Every now and again something turns up which can be easily placed in the category of EFO; Errors, Freaks and Oddities.
These items are generally things that shouldn’t exist and probably, when they do, do so in very small numbers. And this latest item is exactly that.
Printed in 1952 by Waterlow, this line engraved intaglio stamp was one of millions produced by the company that year. At this stage of stamp production, production values were some of the highest ever seen; after all, they had been printing stamps for over 100 years by then and had plenty of time to perfect the process.
So this stamp shouldn’t exist, but it does.
I am indebted to the very kind John Hardies who sent me these scans after finding this website, when he noticed that this particular stamp seemed a little out of the ordinary.
As you can see, the stamp exhibits the most spectacular over inking in the corners, where the application of black is far more than should be encountered on this stamp.
Here’s how the stamp normally looks for comparison. You can see from the back of the stamp above that this is simply a case of over inking, as it has bled through to the rear of the stamp and formed a distinct impression of what is on the other side. There is so much ink on the face that the number 4 is almost obliterated and despite the light ‘CIRCULATION BRANCH’ cancel, the bottom right hand corner is just a black smudge.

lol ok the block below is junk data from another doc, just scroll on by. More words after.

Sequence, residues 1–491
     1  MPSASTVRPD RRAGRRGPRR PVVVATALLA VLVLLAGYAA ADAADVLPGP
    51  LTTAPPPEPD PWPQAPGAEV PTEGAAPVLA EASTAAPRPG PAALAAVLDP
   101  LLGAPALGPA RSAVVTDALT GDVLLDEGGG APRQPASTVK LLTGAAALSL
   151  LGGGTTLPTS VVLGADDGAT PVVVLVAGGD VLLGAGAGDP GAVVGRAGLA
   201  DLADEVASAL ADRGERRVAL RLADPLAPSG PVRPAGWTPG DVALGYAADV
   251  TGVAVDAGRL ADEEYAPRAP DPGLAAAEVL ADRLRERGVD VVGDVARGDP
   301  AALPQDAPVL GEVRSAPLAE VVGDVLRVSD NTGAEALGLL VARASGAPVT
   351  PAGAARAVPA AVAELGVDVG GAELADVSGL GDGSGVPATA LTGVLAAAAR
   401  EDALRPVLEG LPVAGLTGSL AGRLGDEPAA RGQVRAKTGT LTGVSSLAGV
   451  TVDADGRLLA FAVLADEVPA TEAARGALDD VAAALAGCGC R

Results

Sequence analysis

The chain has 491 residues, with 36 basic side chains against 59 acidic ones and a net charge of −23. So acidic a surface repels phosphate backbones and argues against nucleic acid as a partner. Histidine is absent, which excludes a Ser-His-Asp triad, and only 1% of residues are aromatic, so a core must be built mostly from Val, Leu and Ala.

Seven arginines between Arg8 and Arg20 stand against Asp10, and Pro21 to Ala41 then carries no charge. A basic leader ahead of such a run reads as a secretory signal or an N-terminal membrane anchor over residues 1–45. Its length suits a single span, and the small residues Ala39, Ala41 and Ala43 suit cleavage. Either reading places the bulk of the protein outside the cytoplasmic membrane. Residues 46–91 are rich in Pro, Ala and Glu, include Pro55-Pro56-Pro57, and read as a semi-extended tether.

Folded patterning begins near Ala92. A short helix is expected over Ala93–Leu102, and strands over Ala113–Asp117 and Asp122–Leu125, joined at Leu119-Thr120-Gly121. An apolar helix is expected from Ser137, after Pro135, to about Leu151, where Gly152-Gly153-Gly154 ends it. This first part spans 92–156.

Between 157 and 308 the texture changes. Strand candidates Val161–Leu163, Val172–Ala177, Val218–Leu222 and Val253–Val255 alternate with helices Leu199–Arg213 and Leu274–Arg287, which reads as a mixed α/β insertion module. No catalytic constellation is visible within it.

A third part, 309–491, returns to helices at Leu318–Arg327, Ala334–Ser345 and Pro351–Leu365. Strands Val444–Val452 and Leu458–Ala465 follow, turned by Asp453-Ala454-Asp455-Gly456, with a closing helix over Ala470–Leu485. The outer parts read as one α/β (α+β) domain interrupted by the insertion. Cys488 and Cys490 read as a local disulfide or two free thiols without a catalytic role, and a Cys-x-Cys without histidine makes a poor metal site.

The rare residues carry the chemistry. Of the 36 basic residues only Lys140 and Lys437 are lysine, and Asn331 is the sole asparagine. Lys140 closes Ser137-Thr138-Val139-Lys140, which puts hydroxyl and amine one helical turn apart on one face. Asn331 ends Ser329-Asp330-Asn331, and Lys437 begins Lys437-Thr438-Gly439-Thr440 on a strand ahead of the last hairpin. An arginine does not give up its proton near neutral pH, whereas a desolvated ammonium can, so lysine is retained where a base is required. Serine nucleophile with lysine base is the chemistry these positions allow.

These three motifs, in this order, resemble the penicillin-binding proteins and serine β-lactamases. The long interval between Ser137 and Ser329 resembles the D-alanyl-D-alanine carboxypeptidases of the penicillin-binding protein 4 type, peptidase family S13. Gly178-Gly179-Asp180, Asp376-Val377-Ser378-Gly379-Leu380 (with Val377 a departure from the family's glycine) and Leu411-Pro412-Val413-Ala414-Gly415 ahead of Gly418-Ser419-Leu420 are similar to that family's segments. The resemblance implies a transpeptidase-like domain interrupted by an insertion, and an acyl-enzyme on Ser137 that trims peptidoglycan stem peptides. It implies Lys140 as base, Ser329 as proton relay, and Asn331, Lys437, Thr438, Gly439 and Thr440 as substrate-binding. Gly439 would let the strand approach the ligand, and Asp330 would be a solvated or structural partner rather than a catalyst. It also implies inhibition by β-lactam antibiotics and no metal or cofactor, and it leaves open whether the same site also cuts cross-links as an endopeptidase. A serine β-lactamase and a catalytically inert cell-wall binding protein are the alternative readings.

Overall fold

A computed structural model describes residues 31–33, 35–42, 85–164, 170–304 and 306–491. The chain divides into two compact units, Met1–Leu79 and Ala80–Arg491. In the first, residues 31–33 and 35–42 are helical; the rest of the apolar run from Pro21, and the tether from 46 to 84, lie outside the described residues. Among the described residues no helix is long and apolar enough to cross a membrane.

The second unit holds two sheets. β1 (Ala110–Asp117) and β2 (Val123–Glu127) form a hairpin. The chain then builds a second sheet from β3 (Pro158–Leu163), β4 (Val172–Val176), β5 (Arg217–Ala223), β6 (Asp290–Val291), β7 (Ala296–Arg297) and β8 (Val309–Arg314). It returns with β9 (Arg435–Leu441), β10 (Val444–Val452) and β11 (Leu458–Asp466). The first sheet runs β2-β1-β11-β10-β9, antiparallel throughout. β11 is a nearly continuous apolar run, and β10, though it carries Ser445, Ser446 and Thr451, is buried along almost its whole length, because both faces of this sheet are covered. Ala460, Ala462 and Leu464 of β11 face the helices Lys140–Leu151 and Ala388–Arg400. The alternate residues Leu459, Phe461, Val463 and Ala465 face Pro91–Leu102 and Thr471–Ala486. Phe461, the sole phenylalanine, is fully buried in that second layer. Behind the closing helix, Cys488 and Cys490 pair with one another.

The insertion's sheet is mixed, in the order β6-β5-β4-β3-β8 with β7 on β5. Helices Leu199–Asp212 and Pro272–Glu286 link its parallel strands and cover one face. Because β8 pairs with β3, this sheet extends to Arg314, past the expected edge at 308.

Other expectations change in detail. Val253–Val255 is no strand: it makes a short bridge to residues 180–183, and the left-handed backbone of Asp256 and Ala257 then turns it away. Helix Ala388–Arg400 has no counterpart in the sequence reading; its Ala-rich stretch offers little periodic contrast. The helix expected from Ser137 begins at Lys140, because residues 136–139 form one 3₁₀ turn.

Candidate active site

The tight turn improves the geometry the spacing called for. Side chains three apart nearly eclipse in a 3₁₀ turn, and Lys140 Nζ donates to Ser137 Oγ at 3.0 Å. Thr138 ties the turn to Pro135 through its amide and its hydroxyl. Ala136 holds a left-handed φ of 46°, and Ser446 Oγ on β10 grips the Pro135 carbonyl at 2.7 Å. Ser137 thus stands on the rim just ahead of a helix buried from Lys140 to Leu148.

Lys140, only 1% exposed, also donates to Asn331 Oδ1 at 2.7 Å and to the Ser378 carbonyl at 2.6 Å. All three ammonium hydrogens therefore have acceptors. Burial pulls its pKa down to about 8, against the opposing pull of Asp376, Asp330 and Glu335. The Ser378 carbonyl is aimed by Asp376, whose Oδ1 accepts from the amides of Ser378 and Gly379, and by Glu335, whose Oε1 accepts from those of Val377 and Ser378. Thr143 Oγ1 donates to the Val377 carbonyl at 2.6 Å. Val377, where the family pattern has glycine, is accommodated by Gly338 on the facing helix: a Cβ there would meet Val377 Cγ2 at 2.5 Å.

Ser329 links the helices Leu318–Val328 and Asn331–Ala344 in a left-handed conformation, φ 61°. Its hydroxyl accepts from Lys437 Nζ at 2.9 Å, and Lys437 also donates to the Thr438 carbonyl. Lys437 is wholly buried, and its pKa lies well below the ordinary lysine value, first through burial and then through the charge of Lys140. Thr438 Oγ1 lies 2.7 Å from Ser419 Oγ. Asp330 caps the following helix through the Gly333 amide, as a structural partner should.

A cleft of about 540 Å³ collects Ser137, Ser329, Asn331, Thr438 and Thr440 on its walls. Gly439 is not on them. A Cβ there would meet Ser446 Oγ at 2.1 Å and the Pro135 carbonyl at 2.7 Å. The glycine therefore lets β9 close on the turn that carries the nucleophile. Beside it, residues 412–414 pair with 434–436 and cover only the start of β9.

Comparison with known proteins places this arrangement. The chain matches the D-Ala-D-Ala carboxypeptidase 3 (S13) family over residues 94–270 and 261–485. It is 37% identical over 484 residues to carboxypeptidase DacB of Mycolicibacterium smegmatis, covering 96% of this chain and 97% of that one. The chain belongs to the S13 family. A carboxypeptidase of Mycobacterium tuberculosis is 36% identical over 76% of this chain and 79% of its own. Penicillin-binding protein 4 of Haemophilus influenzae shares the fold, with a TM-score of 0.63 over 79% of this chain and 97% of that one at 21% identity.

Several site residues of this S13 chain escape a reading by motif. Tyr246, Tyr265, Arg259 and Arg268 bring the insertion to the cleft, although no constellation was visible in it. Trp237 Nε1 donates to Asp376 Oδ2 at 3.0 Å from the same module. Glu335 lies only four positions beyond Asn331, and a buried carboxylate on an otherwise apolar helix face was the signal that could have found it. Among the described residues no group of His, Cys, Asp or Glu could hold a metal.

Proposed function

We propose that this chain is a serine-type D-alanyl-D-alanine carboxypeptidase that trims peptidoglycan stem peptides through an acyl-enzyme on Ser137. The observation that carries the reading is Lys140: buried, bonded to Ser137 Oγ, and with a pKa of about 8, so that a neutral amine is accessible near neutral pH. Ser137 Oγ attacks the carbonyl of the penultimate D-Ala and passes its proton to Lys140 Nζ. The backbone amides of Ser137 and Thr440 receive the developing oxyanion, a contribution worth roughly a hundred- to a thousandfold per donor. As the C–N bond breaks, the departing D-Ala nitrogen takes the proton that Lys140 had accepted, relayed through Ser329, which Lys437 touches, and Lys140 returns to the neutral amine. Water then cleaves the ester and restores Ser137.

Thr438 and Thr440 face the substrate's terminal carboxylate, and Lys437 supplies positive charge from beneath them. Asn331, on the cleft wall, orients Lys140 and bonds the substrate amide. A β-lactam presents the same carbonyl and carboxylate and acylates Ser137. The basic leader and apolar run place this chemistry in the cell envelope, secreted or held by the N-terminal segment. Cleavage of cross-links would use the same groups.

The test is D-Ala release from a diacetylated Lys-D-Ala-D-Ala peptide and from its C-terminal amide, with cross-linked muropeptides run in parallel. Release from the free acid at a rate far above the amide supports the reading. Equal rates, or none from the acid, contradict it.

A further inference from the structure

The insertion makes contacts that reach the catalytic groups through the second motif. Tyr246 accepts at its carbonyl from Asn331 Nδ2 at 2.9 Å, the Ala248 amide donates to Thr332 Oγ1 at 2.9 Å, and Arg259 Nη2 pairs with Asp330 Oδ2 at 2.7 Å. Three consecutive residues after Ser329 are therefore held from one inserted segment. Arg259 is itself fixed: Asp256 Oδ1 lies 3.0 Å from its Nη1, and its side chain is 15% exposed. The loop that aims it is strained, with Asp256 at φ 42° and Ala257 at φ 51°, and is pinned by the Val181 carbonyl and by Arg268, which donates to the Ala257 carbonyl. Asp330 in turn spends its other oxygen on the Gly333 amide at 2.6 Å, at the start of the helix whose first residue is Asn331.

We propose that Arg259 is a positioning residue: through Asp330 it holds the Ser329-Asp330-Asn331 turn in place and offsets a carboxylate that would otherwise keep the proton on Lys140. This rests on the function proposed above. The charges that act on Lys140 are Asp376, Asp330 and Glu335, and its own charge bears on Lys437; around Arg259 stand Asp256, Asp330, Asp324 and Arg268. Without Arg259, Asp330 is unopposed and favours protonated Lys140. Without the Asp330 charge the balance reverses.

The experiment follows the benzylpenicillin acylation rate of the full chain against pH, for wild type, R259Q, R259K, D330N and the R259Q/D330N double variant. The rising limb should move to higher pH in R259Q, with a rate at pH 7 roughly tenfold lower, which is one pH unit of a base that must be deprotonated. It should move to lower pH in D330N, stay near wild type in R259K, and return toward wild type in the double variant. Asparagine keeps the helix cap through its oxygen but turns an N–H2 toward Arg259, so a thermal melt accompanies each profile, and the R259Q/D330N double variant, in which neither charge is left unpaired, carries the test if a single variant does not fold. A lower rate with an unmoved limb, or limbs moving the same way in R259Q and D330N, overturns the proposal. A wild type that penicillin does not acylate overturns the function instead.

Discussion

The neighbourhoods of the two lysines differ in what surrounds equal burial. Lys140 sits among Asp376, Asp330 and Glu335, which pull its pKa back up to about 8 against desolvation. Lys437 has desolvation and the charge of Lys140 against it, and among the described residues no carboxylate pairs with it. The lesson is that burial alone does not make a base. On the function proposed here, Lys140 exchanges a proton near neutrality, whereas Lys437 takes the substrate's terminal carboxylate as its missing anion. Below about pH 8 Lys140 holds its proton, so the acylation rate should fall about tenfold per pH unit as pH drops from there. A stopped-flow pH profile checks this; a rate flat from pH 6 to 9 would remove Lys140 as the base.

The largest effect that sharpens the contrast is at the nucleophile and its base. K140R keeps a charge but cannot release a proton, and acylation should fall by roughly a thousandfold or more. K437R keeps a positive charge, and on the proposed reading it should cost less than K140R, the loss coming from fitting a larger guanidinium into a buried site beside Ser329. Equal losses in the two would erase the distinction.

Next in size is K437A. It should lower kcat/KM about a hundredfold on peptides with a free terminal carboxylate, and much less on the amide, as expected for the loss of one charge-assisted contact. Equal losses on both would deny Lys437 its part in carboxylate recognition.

The stamp is Barbados SG288, the 24c top value in the 1952 set issued to celebrate the Barbados Stamp Centenary. Which is ironic really, as this set was supposed to celebrate 100 years of quality manufacturing of the stamps of Barbados, so there really shouldn’t be any errors.
In truth, this is the first time I have seen any error on a stamp from this set, so they appear to have done a decent job with it, but it seems from the above images that at least one sheet of these slipped through the quality control net.
If you find any EFO’s from Barbados, feel free to send the scans in to me using the email address on the contact page.